Partly this malaise I feel this morning is inevitably connected to the relief that the lumps in my pectorals are nothing more than genetic fatty deposits hardening into cysts that do not endanger my health nor require any further action or activity on my part; while I was doing my best to repress those worries and push them down deep into my brain and consciousness, the worry and stress wasn’t gone, and the feeling of relief has released a lot stress I wasn’t aware I was carrying. There’s probably some other sort of cathartic release of pent-up stress and energy I could and should be doing; that might help me get motivated and stop feeling so defeated every day.

And I probably should get back into therapy, if I only could carve that time out in my weeks.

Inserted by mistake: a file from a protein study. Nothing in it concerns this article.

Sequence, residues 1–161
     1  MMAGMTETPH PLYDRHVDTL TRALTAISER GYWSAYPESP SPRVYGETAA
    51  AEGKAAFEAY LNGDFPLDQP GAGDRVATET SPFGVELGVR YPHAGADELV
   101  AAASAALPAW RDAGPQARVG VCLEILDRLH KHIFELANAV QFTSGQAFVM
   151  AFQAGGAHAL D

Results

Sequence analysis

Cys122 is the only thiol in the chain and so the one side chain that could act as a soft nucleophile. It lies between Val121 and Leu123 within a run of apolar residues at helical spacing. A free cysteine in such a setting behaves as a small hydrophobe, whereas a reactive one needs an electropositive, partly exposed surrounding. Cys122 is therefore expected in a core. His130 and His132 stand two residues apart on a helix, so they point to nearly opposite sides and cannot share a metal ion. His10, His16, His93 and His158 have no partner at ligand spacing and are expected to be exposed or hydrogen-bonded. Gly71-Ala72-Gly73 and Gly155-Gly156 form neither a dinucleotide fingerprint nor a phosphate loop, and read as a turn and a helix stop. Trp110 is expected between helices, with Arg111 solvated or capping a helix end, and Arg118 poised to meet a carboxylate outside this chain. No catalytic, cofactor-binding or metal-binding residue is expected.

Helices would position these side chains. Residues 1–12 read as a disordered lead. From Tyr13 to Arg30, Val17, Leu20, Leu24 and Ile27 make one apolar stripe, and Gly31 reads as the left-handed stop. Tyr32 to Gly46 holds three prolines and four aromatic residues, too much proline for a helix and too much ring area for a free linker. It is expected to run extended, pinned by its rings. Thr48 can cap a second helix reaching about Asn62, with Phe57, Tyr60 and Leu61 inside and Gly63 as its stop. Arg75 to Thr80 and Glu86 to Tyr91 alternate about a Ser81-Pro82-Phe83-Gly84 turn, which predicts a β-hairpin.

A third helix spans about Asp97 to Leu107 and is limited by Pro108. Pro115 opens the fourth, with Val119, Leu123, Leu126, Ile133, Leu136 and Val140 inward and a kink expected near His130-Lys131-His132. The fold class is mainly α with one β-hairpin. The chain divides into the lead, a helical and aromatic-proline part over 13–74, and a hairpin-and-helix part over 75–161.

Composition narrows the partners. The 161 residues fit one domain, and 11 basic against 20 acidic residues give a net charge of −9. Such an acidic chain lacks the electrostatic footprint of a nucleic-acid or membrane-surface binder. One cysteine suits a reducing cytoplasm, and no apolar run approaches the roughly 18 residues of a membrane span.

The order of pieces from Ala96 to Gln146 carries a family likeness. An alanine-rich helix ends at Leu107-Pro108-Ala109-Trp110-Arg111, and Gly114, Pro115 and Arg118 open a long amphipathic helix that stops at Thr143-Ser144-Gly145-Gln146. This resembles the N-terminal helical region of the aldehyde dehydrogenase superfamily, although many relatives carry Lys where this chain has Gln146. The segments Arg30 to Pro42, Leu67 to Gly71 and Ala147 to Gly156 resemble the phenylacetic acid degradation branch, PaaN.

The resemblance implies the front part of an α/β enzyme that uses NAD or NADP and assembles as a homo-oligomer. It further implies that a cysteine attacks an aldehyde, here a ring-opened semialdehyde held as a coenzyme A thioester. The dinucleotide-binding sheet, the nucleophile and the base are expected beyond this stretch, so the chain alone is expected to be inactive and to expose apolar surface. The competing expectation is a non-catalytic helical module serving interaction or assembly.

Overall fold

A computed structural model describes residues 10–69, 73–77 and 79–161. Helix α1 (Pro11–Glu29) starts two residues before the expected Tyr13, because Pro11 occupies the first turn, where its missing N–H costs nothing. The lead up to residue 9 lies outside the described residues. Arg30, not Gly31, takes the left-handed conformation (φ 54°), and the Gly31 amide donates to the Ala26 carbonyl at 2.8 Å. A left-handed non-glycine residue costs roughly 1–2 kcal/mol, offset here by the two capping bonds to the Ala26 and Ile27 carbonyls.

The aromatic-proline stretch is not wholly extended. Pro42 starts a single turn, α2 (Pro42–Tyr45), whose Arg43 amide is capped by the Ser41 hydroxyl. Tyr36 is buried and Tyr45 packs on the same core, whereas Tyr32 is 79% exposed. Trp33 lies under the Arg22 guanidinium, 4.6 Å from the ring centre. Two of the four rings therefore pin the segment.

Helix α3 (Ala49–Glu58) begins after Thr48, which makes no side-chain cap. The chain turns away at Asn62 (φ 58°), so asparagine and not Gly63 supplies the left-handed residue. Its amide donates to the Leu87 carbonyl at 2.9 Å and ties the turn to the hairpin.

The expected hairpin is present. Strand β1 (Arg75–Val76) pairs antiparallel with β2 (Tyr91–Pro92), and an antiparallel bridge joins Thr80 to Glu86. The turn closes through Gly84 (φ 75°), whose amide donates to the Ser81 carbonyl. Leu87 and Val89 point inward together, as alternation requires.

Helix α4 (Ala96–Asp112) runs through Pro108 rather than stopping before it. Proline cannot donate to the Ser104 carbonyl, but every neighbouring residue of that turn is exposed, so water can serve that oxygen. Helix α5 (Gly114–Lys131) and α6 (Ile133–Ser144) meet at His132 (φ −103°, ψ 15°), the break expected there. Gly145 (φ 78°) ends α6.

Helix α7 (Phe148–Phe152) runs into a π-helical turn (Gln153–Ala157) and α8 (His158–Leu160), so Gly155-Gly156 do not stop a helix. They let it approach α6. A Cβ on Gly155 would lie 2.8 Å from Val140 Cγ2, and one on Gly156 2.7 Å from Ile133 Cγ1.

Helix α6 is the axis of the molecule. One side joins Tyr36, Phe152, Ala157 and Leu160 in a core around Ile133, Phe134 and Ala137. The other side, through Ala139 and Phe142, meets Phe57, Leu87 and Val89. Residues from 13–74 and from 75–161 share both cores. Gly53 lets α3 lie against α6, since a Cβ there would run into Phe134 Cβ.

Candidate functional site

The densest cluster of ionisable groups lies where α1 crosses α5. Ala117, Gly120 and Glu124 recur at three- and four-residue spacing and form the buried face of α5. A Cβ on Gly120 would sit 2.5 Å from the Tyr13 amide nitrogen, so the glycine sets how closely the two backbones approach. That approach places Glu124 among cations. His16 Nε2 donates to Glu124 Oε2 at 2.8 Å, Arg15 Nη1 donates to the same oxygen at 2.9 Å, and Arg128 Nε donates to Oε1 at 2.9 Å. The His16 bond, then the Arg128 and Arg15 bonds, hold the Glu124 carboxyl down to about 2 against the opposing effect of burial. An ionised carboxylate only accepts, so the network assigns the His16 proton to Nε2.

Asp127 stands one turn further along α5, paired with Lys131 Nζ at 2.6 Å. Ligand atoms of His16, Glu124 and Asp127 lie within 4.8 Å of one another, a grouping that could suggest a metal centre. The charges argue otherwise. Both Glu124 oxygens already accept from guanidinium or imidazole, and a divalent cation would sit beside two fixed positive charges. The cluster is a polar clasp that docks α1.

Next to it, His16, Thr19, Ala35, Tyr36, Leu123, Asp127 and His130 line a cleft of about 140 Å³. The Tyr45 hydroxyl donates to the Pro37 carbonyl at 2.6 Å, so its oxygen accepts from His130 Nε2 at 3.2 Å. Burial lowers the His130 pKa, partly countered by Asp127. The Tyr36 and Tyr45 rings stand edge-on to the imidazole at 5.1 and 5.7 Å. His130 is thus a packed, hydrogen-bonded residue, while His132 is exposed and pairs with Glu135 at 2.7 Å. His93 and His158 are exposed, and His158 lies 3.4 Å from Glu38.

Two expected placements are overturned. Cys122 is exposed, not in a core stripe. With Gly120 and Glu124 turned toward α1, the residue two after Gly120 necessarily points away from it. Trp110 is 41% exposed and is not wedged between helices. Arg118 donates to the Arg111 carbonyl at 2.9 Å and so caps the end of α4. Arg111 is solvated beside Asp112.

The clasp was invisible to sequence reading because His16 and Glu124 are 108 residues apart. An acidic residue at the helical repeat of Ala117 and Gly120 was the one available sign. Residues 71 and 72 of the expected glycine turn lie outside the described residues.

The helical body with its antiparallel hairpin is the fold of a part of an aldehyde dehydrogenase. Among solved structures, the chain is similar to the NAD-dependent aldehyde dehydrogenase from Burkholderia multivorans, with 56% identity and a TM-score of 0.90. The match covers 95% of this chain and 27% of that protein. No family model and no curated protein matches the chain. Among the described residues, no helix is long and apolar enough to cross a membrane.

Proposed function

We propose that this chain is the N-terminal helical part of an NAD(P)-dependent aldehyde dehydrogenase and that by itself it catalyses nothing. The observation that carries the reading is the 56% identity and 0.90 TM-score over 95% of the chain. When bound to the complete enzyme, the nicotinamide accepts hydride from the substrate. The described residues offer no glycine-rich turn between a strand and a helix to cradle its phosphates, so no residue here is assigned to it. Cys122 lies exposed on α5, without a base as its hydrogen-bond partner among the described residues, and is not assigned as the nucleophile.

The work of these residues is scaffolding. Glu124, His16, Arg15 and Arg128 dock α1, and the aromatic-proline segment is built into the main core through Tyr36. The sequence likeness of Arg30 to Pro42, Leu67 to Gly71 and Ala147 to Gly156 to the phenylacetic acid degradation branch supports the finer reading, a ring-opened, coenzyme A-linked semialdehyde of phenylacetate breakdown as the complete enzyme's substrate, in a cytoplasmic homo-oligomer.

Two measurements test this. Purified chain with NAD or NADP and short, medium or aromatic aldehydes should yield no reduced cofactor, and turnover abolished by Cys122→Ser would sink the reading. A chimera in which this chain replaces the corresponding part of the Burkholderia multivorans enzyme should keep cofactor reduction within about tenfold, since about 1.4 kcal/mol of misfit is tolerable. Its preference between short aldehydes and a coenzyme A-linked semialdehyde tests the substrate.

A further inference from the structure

Part of it has to do, I am certain, with the sense that I am not organized; but I am also very well aware that even should I carve a day out to get organized it won’t help at all with the sense of drowning and being overwhelmed; the feeling that I have that each limb and appendage is tied to a horse facing a different direction and someone is about to fire the starting pistol. And yet, even now, as the coffee and caffeine from my first cup courses through my veins and my mind begins to throw off its sluggishness and that melted feeling begins to fade from my muscles, I am aware that all the things that I allow to frustrate me (I wish I had a place where I could spread the manuscript out and piece it back together after tearing it all apart and I wish I had enough space for all my books and I wish I could rearrange my time so that I had time for everything I need to get done and I wish I could stop being so lazy or at least stop imagining and believing that I am lazy and I wish I had more self-confidence and I wish I could I wish I wish I wish) can neither be helped nor changed by simply wishing it to be so, and therefore allowing these immutable, unchangeable facts about my current situation in life to defeat or frustrate me is, ultimately, self-destructive (a regular pattern in my life deeply rooted in my consciousness from being told repeatedly that I was a loser so I started believing it, believed it for years, and revert to that mentality frequently whenever under stress or pressure) and a self-fulfilling prophecy.